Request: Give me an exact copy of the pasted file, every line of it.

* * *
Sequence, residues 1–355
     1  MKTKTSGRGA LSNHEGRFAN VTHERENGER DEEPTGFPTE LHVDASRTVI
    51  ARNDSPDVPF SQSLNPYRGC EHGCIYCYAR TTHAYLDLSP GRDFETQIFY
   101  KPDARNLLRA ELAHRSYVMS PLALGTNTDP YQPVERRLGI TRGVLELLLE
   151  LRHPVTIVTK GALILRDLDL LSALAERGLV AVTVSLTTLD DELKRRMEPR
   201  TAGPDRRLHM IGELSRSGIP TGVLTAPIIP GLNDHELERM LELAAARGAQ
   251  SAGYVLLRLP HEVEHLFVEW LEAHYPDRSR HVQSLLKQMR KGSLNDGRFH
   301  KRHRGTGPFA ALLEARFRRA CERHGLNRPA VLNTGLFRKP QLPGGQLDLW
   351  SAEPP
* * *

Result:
Sequence, residues 1–355
     1  MKTKTSGRGA LSNHEGRFAN VTHERENGER DEEPTGFPTE LHVDASRTVI
    51  ARNDSPDVPF SQSLNPYRGC EHGCIYCYAR TTHAYLDLSP GRDFETQIFY
   101  KPDARNLLRA ELAHRSYVMS PLALGTNTDP YQPVERRLGI TRGVLELLLE
   151  LRHPVTIVTK GALILRDLDL LSALAERGLV AVTVSLTTLD DELKRRMEPR
   201  TAGPDRRLHM IGELSRSGIP TGVLTAPIIP GLNDHELERM LELAAARGAQ
   251  SAGYVLLRLP HEVEHLFVEW LEAHYPDRSR HVQSLLKQMR KGSLNDGRFH
   301  KRHRGTGPFA ALLEARFRRA CERHGLNRPA VLNTGLFRKP QLPGGQLDLW
   351  SAEPP